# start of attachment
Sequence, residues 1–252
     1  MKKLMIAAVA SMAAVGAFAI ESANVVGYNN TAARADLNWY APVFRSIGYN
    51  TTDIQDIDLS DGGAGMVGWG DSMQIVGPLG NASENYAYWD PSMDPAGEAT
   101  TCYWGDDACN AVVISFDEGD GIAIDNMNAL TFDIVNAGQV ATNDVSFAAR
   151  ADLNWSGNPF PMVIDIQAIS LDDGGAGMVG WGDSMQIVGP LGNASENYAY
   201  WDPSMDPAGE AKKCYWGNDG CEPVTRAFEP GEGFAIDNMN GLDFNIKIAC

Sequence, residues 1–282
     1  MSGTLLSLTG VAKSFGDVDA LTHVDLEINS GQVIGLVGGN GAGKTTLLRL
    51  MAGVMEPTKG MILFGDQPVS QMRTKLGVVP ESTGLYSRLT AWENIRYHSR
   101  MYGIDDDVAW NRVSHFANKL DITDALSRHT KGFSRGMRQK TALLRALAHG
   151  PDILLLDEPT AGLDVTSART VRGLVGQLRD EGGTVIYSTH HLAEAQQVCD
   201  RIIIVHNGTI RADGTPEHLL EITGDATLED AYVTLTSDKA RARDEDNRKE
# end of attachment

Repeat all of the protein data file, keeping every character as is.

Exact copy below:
Sequence, residues 1–252
     1  MKKLMIAAVA SMAAVGAFAI ESANVVGYNN TAARADLNWY APVFRSIGYN
    51  TTDIQDIDLS DGGAGMVGWG DSMQIVGPLG NASENYAYWD PSMDPAGEAT
   101  TCYWGDDACN AVVISFDEGD GIAIDNMNAL TFDIVNAGQV ATNDVSFAAR
   151  ADLNWSGNPF PMVIDIQAIS LDDGGAGMVG WGDSMQIVGP LGNASENYAY
   201  WDPSMDPAGE AKKCYWGNDG CEPVTRAFEP GEGFAIDNMN GLDFNIKIAC

Sequence, residues 1–282
     1  MSGTLLSLTG VAKSFGDVDA LTHVDLEINS GQVIGLVGGN GAGKTTLLRL
    51  MAGVMEPTKG MILFGDQPVS QMRTKLGVVP ESTGLYSRLT AWENIRYHSR
   101  MYGIDDDVAW NRVSHFANKL DITDALSRHT KGFSRGMRQK TALLRALAHG
   151  PDILLLDEPT AGLDVTSART VRGLVGQLRD EGGTVIYSTH HLAEAQQVCD
   201  RIIIVHNGTI RADGTPEHLL EITGDATLED AYVTLTSDKA RARDEDNRKE